• Development: Building a PWA is generally a walk in the park compared to the marathon that is native app development.
  • Distribution: While PWAs can roll out via the web with the snap of a finger, native apps need to go through the formalities of app stores.


The Good, The Bad, and The PWA


  • Accessible: Open to anyone with a web browser.
  • Fast: These babies load in a flash, even on less-than-stellar connections.
  • Engaging: Think offline support and push notifications to keep your users hooked.
  • Secure: Locked and loaded with HTTPS, just like their native counterparts.


  • Less Powerful: Expect them to utilize only some nook and cranny of device features.
  • Adoption: They're still the new kid on the block, so their user base might be less significant.


Native Apps: What's to Love and What's Less Lovely


  • Powerhouse: These apps can flex all the device's muscles—camera, mic, you name it.
  • Feature-Rich: Think of a feature, and a native app can probably support it.
  • Widespread Adoption: They're the popular kids in the app world, so reaching users is more straightforward.


  • Limited Access: They're picky about the devices they'll hang out with.
  • Slow to Load: Patience is essential; they can take their sweet time loading.
  • Complex Development: More features often mean more development headaches.


Factors to Weigh in Your Decision

  1. Target Audience: Who are you looking to impress? A PWA might be the way to go if your crowd uses various devices.
  2. Features: Need the whole shebang when it comes to device features? Then go native.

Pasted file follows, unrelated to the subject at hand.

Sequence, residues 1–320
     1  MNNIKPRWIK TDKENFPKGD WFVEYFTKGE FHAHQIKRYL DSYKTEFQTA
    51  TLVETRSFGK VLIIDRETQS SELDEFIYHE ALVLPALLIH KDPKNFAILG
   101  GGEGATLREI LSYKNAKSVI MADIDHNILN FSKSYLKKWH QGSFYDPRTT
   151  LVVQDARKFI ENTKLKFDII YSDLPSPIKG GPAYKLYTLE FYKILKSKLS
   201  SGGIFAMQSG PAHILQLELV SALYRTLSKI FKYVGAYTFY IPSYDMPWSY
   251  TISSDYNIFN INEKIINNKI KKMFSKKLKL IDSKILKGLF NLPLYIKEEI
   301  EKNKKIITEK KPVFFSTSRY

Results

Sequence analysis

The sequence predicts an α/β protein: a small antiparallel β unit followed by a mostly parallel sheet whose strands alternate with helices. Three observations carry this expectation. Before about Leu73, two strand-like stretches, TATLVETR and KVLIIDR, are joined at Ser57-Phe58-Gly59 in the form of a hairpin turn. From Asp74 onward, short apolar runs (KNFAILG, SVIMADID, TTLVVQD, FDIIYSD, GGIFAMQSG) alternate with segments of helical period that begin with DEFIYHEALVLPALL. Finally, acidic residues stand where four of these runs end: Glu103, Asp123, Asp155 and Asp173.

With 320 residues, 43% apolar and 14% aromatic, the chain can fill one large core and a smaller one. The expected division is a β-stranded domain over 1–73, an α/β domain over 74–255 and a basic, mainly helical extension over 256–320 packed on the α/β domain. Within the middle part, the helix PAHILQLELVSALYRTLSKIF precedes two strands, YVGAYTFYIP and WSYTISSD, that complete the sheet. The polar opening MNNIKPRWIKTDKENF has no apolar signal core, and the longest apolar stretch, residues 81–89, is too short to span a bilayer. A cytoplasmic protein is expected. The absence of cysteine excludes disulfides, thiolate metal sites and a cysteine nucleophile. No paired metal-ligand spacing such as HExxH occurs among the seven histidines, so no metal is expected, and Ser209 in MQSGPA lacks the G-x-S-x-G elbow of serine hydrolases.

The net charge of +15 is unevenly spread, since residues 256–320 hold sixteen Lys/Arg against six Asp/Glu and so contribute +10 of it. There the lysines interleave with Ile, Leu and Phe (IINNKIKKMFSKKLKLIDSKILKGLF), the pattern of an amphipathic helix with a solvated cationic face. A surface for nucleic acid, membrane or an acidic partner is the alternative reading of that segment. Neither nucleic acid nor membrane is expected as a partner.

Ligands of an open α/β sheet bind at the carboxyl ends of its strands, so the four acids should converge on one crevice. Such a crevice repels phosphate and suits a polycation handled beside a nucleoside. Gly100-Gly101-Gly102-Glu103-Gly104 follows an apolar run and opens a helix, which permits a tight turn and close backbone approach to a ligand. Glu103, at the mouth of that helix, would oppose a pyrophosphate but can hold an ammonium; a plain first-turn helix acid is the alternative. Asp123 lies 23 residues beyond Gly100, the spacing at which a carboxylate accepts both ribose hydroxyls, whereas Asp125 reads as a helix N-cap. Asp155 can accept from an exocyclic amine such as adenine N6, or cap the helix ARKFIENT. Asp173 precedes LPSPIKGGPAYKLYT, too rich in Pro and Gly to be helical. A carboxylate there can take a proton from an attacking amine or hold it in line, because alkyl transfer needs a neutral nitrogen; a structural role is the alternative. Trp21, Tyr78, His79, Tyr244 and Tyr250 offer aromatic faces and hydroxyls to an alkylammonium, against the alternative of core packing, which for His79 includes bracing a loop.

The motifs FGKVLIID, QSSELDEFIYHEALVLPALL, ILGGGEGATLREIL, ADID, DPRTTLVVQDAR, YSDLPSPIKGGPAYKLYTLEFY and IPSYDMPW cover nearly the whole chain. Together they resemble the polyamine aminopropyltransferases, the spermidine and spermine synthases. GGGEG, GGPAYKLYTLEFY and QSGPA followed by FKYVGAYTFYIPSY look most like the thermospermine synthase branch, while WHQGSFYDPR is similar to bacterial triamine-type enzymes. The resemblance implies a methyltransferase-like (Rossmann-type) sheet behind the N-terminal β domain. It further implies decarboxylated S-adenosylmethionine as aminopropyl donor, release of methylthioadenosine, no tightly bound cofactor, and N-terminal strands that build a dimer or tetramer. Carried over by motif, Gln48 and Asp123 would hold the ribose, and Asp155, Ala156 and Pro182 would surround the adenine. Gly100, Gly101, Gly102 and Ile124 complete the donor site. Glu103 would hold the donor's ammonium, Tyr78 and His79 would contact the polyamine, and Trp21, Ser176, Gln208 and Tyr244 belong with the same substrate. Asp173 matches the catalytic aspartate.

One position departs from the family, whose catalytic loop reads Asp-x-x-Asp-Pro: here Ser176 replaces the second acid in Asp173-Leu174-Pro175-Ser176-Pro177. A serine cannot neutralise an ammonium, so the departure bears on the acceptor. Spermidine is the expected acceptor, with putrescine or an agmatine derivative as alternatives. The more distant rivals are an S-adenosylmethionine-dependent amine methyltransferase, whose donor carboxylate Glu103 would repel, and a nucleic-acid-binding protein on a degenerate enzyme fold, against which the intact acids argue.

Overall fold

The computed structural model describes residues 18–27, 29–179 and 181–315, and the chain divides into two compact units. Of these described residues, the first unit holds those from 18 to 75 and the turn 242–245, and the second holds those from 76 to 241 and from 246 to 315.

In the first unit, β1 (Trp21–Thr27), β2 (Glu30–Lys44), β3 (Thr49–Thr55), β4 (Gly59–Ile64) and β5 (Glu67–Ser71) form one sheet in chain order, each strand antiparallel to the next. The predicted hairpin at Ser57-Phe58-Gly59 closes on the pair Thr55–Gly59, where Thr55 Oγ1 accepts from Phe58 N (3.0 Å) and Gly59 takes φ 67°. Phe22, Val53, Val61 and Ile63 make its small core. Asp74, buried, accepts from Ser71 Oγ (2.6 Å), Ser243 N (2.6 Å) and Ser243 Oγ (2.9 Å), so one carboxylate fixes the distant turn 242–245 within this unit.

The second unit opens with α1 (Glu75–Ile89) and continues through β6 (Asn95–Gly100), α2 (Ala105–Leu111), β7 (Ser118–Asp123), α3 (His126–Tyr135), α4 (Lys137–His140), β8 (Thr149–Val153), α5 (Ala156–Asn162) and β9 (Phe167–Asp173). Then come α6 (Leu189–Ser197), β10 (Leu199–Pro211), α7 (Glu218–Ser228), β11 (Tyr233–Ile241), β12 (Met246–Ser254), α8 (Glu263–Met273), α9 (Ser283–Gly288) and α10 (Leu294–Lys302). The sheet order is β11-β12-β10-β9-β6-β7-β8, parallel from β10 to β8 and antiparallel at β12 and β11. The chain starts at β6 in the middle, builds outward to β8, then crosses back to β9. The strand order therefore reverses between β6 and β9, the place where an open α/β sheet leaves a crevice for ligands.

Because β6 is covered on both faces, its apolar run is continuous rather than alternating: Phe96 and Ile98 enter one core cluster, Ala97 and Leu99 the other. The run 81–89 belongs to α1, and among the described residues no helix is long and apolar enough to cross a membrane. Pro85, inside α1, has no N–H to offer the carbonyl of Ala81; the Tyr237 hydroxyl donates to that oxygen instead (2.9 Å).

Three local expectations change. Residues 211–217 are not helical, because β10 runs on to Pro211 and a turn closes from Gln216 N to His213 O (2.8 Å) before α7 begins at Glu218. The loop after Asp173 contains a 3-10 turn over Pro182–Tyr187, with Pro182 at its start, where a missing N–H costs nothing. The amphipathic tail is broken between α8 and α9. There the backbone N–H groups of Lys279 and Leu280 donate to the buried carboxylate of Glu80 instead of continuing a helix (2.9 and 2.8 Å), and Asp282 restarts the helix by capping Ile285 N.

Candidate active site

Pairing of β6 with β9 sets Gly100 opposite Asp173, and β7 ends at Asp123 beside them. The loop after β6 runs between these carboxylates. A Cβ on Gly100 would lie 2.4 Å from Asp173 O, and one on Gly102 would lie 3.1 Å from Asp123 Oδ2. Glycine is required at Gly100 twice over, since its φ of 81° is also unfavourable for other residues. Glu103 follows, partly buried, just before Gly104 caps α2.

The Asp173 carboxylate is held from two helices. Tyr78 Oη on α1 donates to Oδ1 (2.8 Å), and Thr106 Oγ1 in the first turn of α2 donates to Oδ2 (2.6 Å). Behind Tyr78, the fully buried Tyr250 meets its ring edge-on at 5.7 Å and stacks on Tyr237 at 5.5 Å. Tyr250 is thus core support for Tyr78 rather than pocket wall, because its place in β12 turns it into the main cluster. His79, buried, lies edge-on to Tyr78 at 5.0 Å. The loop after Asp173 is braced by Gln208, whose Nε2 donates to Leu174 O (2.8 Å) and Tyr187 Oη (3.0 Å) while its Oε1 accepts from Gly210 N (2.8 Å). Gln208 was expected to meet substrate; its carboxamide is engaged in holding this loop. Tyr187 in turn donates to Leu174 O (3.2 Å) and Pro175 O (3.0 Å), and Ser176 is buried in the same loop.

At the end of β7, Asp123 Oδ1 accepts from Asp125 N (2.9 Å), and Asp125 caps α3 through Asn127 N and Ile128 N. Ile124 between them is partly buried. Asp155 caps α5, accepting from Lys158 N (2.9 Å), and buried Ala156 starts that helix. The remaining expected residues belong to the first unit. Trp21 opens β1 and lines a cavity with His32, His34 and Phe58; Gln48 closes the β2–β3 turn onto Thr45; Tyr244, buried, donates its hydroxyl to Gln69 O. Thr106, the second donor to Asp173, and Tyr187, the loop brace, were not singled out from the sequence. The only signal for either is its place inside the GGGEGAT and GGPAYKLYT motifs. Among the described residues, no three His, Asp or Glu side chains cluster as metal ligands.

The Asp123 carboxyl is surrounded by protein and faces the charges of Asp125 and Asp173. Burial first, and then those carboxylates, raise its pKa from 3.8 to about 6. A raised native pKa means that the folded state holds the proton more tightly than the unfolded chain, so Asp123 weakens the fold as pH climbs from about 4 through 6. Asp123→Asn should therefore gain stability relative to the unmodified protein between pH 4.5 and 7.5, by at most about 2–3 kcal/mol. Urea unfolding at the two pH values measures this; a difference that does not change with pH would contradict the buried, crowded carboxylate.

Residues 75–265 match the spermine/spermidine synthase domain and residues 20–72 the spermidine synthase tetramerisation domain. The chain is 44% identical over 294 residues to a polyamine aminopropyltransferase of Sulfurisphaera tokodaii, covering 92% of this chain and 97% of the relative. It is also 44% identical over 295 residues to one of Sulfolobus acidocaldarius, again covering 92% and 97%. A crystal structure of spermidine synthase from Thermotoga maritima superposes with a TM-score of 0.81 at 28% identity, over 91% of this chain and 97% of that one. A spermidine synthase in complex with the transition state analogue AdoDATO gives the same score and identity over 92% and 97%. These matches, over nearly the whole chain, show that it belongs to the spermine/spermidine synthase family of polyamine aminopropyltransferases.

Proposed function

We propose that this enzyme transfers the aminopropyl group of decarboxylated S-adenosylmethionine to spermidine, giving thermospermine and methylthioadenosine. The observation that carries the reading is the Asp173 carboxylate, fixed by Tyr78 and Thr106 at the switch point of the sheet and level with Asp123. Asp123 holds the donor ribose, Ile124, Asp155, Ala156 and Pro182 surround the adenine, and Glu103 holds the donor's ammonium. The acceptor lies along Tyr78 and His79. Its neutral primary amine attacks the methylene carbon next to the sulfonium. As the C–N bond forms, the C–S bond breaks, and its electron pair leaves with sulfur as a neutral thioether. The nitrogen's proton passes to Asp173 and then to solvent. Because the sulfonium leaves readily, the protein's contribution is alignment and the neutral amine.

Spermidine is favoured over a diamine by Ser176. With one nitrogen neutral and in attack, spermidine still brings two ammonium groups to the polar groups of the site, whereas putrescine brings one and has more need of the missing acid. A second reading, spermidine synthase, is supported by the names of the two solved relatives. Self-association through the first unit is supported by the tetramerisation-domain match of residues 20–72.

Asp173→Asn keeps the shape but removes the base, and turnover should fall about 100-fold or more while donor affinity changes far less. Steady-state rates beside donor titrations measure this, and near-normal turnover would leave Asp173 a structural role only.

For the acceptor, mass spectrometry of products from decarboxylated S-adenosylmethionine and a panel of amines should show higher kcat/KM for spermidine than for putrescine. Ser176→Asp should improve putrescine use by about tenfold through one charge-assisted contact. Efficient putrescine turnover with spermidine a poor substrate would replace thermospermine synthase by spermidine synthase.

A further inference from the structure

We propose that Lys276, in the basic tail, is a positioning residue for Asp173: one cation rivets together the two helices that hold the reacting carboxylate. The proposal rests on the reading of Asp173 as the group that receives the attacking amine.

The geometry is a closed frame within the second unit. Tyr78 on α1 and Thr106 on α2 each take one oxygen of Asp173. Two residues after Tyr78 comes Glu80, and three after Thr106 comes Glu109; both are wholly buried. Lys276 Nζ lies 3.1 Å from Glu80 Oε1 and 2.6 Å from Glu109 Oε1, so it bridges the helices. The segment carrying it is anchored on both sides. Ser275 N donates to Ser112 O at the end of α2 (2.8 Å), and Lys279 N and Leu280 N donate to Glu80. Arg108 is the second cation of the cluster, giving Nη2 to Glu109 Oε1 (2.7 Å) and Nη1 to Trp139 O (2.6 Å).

3. Resources: Limited time or budget? A PWA can be your fast track to app glory.
  4. Distribution: Think about how you'll get your app into people's hands. The web makes PWAs easy to share, whereas native apps need to pass the app store test.


Final Thoughts

Native Apps were born in an era when the concept of a "smartphone" was still new and mind-blowing and engineered to squeeze every ounce of capability out of those early devices. PWAs, on the other hand, were conceived as a solution to the limitations of web apps, offering a universal alternative to the platform-specific world of Native Apps.

The PWA vs. Native App debate doesn't have a one-size-fits-all answer. Your best move depends on what you need and what you've got to work with. Armed with this knowledge, you're well on your way to choosing to fit your business like a glove.


Start with: What problem are you trying to solve? 

One of the activities we work through revolves around refining your problem statement. A problem statement is the key business problem that needs to be solved. In software development, it states “what has to be done” for a project to succeed. It does not say, “how it has to be done.”

We use the 5W’s + 1 H format as well as the SMART Framework when establishing a problem statement. In fact, you can draft your own problem statement by using our free download. This download will get you thinking through some of the questions and answers prior to starting your project.

Download: Problem Statement